Wieland, F. 2013. The phylogenetic system of Mantodea (Insecta: Dictyoptera). – Species, Phylogeny & Evolution 3,1: 3-222.
Praying mantises (Mantodea) are a charismatic group of raptorial insects. Their main distribution encompasses the tropical and subtropical regions of the world where they have conquered almost every habitat including the sandy deserts. Mantodea are well-known to the public. Their highly moveable heads and an impressive appearance, ranging from conspicuously colourful to well-camouflaged and plant-like, add to their popularity.
Despite their often fantastic looks and interesting behaviour, Mantodea have been mostly neglected by science in the past century. A renaissance of praying mantis research by both molecular and morphological means has recently started to contribute immensely to our understanding of these fascinating insects and their evolution.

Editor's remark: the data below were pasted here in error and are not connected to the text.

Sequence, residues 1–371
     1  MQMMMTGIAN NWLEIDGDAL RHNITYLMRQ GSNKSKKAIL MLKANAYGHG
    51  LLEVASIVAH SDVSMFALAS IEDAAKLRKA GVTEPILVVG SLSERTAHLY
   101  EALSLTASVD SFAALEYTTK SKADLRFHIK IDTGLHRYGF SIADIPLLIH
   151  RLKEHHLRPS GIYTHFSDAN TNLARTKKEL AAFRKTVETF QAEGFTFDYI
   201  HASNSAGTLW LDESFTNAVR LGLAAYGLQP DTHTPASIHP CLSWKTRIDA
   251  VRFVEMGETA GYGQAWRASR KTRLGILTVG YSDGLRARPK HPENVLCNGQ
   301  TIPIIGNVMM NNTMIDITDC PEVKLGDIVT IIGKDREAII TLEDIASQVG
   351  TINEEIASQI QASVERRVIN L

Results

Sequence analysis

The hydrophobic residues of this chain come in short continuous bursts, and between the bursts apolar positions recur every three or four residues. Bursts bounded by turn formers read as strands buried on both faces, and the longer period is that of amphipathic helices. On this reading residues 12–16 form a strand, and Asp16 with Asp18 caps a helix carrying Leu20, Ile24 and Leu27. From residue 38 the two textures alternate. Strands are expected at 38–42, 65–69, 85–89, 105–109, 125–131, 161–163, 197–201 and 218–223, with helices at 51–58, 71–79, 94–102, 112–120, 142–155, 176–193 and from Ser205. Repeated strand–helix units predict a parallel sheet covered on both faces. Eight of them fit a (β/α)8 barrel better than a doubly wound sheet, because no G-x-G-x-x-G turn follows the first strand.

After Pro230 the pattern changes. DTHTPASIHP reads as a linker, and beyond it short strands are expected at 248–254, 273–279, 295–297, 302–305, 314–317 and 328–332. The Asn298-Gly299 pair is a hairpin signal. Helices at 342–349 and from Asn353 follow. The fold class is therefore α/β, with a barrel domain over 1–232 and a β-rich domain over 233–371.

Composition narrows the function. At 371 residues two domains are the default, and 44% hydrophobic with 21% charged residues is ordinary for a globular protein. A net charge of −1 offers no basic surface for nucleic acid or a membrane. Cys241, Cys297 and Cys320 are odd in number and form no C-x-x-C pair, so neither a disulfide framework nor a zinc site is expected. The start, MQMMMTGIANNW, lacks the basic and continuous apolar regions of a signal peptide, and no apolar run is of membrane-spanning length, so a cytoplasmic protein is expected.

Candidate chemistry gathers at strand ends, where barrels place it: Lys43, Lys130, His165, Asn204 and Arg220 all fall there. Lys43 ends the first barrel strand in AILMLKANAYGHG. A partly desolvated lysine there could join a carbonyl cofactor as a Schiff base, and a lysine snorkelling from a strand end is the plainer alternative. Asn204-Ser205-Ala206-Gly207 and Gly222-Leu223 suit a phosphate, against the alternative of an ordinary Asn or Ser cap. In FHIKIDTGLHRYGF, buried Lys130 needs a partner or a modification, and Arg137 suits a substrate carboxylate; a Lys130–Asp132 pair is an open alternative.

This volume presents the first phylogenetic analysis of Mantodea based exclusively on an extensive morphological dataset comprising the description and detailed discussion of 152 morphological characters for 122 species from the greater part of the taxonomical subgroups. Observations on fossil mantises, postembryonic development, and sexual dimorphism are considered for tracing character evolution, and the results are compared with the latest molecular findings.
The structures of many rare taxa are shown in detail for the first time, including the forelegs of Chaeteessa, Mantoida, and Metallyticus. Selected characters and their evolution are elucidated in further detail, for example head processes, asymmetrical male antennomeres, female digging structures, and the aberrant foreleg morphology of Chaeteessa and Metallyticus. Hypotheses on the early evolution of the mantodean lifestyle are presented.
This monograph contains more than 460 figures, including detailed drawings and SEM images of morphological structures, making this volume the most comprehensive work on mantodean morphology to date.